Types of Braces

Types of Braces

Dr. Staples and Dr. Sheila use many types of “appliances,” which is the word for braces or other devices meant to move or stabilize the teeth and jaws. These appliances do more than align teeth; they actually can modify and correct problems with facial growth. Some are designed to primarily move teeth (orthodontic), while others are used to move or change facial bone structure (orthopedic). Some appliances have both orthodontic and orthopedic treatment effects.

Types of braces photo

Appliances come in two types: ones that are fixed, or don’t come out, and ones the patient can take out, which are called removable. We select either fixed or removable appliances based on a patient’s treatment needs and desires. Removable appliances are easier to keep clean, but can be lost or misplaced. Fixed appliances are worn all the time and are used for problems that require a more aggressive treatment.




Fixed Appliances

The VECS Palate Expander PhotoExamples of fixed orthodontic appliances are the brackets, bands and wires, which are most commonly associated with braces. Brackets can be made of metal, ceramic or plastic or combinations of these materials. Some metal brackets are silver-colored and some are gold-colored. Ceramic brackets are typically clear or tooth-colored and are generally used by patients who want to minimize the visibility of their braces.

Other fixed orthodontic appliances, such as Pendex appliances, distal jet appliances and coil springs are used primarily to move teeth. Devices such as Forsus springs or Jasper jumpers are often used in place of elastics, but all share a common purpose of making upper and lower teeth fit together better. We may use a lip bumper for patients with lower arch crowding.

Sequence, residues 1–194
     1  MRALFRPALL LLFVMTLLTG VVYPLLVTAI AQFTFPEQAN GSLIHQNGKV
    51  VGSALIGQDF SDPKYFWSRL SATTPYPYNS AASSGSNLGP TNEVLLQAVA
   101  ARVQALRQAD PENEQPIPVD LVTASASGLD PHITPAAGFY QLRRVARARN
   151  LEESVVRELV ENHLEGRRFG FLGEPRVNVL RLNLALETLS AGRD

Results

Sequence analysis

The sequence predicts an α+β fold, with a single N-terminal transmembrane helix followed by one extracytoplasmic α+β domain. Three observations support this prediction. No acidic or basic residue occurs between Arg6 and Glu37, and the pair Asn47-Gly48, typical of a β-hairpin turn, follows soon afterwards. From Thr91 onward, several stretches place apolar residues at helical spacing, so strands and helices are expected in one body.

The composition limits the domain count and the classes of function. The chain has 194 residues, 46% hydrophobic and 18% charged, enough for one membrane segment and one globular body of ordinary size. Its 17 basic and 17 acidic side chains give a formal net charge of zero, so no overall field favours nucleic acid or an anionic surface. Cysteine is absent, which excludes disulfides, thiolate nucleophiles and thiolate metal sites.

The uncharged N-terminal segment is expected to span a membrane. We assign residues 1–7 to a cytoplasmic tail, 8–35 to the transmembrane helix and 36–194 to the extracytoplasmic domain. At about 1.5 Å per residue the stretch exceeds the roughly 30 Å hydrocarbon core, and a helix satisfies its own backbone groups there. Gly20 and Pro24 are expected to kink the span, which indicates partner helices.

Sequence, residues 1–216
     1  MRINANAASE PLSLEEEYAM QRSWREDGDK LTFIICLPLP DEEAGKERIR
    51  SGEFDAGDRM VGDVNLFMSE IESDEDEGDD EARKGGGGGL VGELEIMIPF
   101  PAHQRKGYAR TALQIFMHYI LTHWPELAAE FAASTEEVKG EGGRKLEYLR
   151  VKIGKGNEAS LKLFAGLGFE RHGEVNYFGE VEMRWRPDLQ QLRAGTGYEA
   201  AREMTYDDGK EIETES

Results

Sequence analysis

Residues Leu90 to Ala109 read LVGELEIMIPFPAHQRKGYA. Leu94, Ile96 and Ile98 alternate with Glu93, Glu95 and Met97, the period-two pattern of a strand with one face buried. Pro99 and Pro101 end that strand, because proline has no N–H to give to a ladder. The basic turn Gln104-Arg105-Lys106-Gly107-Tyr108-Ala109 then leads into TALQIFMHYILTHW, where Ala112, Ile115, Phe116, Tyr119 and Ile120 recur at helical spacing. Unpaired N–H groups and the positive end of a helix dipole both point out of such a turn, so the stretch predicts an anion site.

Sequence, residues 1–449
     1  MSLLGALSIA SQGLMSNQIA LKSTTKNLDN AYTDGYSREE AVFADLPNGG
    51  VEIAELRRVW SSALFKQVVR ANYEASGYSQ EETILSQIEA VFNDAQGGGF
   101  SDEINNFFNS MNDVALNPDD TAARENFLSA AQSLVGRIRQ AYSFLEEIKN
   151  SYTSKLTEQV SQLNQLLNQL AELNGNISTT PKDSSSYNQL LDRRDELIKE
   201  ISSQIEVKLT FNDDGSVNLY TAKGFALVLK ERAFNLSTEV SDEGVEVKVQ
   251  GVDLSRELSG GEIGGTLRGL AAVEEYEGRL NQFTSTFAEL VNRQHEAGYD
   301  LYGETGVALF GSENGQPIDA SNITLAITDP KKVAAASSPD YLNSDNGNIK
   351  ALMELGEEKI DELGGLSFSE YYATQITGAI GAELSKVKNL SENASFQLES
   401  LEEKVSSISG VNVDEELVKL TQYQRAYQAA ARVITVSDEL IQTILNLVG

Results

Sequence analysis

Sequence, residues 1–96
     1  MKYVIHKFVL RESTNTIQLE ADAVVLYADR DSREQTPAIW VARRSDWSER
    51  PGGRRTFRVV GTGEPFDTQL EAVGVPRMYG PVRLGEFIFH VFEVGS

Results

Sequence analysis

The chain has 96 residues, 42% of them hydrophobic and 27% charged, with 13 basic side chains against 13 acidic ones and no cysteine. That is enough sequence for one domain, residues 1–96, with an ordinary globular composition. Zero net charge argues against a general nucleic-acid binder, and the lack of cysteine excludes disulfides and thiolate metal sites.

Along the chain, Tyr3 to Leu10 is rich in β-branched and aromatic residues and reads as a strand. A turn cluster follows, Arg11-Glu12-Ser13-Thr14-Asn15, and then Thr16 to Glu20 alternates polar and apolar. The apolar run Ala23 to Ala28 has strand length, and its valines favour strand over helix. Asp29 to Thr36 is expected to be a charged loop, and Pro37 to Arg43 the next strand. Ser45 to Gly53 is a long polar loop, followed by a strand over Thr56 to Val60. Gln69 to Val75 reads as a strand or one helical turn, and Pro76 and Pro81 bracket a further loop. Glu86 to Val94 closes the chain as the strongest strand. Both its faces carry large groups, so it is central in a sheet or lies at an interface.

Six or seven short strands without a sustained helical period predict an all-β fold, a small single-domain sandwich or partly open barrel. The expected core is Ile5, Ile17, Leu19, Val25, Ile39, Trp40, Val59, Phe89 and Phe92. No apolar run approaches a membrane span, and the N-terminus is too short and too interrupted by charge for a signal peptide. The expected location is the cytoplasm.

We may also use some fixed devices to hold teeth in place while other teeth are moved. These may include lingual arches, Nance appliances and palatal bars. A quad helix is a device made of heavy wire that moves teeth, but can also have an orthopedic effect. These types of appliances may have other names, but have common uses.

Examples of fixed orthopedic appliances are the various types of palate expanders and functional appliances. Palatal expanders such as the VECS, Hyrax and Haas are examples. We also use Functional appliances, which are used to normalize growth discrepancies between the upper and lower jaws. Some examples are the Herbst appliance, twin block and Mara appliances. These are typically worn over an extended period of time and only used for a particular type of orthodontic problem.




Removable Appliances

Bionator PhotoRemovable orthodontic appliances can have many shapes and appearances. Retainers are one example. Retainers usually just hold teeth in their new positions after orthodontic treatment is complete, but springs or elastics can be added to these devices to move teeth. Rubber bands, or “elastics,” are another example of a removable system that can move teeth into their correct position.

There are also removable orthopedic functional appliances that help correct growth discrepancies. We us both the Bionator and Frankel appliances. We also use various types of headgears to act as removable orthopedic correctors. Cervical-pull, high-pull and reverse-pull headgears are used to control upper jaw growth direction and magnitude, while other types, such as face masks and chin cups help to control lower jaw growth.

Of all these appliance types, Dr. Staples and Dr. Sheila will select the particular one that best suits each patient’s needs. Each one presents its own advantages and disadvantages, and our many years of experience will help make the right choice for you.




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